Ndeutala Hishongwa’s Marrying Apartheid: women as part of the struggle for liberation

  • Pablo Rubio Gijón United States International University Kenya


Being the first novel in English written by a black Namibian woman, Ndeutala Hishongwa’s  Marrying Apartheid (1986) represents a turning point within the history of Namibian literature. This novel shows new and important aspects in the Namibian women’s liberation struggle, for Hishongwa presents a black woman as the protagonist who suffers the double effect of apartheid and domestic violence. But Marrying Apartheid also functions as an unequivocal political statement against the injustices of the South African colonial rule and its infamous contract labour system; its ultimate goal is the freedom and independence of Namibia. By fusing autobiographical and fictional elements, Marrying Apartheid is pulling away from the political biographies of those who assumed the leadership of the liberation movement such as John ya-Otto’s Battlefront Namibia and Dennis Mercer’s Breaking Contract: The Story of Vinnia Ndadi, and is thus paving the way for Namibian fiction.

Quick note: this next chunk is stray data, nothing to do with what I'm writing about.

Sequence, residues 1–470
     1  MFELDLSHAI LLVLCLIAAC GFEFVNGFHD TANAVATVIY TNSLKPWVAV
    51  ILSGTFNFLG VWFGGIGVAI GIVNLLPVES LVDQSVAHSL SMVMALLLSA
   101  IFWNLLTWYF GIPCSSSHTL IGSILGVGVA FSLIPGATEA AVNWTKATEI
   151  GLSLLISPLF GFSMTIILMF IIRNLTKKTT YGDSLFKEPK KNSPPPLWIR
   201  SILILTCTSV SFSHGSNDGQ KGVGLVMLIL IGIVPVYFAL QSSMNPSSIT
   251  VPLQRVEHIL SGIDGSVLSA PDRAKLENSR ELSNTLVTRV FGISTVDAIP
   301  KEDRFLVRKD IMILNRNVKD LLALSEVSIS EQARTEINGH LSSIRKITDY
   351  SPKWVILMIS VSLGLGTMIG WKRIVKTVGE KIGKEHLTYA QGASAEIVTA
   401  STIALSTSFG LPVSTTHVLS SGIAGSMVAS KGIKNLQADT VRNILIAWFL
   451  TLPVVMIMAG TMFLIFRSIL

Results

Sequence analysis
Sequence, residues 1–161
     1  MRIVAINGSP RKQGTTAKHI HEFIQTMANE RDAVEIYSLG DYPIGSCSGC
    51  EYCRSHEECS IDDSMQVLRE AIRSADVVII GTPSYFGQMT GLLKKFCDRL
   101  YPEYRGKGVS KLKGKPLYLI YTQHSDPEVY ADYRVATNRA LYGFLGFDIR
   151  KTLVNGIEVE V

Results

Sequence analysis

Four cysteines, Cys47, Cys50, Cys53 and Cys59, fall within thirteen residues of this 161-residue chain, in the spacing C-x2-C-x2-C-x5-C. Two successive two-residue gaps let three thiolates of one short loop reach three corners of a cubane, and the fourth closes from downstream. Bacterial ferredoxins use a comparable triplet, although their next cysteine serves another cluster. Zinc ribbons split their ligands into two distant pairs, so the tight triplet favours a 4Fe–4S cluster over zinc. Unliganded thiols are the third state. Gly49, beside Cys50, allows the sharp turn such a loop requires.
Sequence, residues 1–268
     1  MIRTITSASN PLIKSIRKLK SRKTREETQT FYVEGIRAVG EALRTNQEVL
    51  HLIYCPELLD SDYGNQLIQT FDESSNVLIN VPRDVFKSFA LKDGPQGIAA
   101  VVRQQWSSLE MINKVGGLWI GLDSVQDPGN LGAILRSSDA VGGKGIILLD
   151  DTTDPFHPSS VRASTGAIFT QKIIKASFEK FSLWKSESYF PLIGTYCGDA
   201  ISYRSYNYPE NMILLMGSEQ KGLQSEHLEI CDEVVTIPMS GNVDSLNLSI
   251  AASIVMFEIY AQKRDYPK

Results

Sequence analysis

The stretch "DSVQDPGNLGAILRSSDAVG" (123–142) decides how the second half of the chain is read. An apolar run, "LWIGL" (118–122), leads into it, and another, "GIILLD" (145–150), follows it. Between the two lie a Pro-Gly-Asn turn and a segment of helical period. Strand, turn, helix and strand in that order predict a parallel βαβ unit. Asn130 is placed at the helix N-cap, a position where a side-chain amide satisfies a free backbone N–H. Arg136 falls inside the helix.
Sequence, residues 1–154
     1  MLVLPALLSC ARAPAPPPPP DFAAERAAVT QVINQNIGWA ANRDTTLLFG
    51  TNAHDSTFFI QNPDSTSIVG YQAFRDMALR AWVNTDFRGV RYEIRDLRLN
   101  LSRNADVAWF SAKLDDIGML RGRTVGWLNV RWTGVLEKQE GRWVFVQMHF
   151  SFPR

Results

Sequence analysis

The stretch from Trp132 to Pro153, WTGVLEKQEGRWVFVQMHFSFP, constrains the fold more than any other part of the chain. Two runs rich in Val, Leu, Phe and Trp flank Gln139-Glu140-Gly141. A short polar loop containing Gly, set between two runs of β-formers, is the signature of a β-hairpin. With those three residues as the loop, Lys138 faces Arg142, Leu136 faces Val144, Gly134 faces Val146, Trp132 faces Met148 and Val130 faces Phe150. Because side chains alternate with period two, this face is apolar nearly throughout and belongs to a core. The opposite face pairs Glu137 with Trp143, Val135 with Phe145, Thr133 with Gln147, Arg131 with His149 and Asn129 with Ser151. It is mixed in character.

Key words: Namibia, Women, apartheid, struggle, literature

Author Biography

Pablo Rubio Gijón, United States International University Kenya
Pablo Rubio Gijón Holds a PhD  from the University of British Columbia (Canada). He is originally from Spain and teaches at the United States International University – Africa (Kenya) as an Assistant Professor since January 2017. He specializes in Spanish and Latin American film and literature of the 20th century with broad experience. His most recent project research focuses on crime fiction films produced in Francoist Spain and Peronist Argentina between 1945 and 1955. In addition, he has published a book on Alan Pauls’ detective fiction. This Argentinian author makes use of parody and distortion to explore the relation between order and abjection, thus allowing his fictions to become a critique of totalitarian structures and a thorough reflection on the failure of modernization. Other research interests include Namibian literature before independence,, topic on which he has written a monograph.  Further areas of interest include Spanish science-fiction literature and travel writing in Spain.

Journal Identifiers

eISSN: 1998-1279